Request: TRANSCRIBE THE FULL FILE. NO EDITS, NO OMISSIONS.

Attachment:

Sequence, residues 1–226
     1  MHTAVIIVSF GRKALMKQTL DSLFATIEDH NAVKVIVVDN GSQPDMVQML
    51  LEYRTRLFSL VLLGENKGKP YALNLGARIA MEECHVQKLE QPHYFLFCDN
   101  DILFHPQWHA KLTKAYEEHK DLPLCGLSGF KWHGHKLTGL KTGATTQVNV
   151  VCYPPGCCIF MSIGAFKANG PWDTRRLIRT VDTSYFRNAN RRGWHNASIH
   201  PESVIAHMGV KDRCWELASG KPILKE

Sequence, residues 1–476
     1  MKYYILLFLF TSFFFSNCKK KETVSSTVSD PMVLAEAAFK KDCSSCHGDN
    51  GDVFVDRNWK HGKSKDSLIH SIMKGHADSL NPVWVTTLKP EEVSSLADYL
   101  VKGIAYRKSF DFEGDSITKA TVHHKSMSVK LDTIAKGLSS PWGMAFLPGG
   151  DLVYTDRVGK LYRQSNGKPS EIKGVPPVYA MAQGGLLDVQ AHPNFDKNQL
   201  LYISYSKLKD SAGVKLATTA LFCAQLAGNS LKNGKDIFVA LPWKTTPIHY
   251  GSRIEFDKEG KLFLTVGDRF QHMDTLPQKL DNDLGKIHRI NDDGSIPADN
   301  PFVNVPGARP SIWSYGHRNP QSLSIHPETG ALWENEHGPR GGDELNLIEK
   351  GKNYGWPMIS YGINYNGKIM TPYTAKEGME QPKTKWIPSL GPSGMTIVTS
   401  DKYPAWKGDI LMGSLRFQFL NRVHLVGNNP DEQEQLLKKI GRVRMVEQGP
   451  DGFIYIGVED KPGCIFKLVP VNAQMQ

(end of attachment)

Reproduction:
Sequence, residues 1–226
     1  MHTAVIIVSF GRKALMKQTL DSLFATIEDH NAVKVIVVDN GSQPDMVQML
    51  LEYRTRLFSL VLLGENKGKP YALNLGARIA MEECHVQKLE QPHYFLFCDN
   101  DILFHPQWHA KLTKAYEEHK DLPLCGLSGF KWHGHKLTGL KTGATTQVNV
   151  VCYPPGCCIF MSIGAFKANG PWDTRRLIRT VDTSYFRNAN RRGWHNASIH
   201  PESVIAHMGV KDRCWELASG KPILKE

Sequence, residues 1–476
     1  MKYYILLFLF TSFFFSNCKK KETVSSTVSD PMVLAEAAFK KDCSSCHGDN
    51  GDVFVDRNWK HGKSKDSLIH SIMKGHADSL NPVWVTTLKP EEVSSLADYL
   101  VKGIAYRKSF DFEGDSITKA TVHHKSMSVK LDTIAKGLSS PWGMAFLPGG
   151  DLVYTDRVGK LYRQSNGKPS EIKGVPPVYA MAQGGLLDVQ AHPNFDKNQL
   201  LYISYSKLKD SAGVKLATTA LFCAQLAGNS LKNGKDIFVA LPWKTTPIHY
   251  GSRIEFDKEG KLFLTVGDRF QHMDTLPQKL DNDLGKIHRI NDDGSIPADN
   301  PFVNVPGARP SIWSYGHRNP QSLSIHPETG ALWENEHGPR GGDELNLIEK
   351  GKNYGWPMIS YGINYNGKIM TPYTAKEGME QPKTKWIPSL GPSGMTIVTS
   401  DKYPAWKGDI LMGSLRFQFL NRVHLVGNNP DEQEQLLKKI GRVRMVEQGP
   451  DGFIYIGVED KPGCIFKLVP VNAQMQ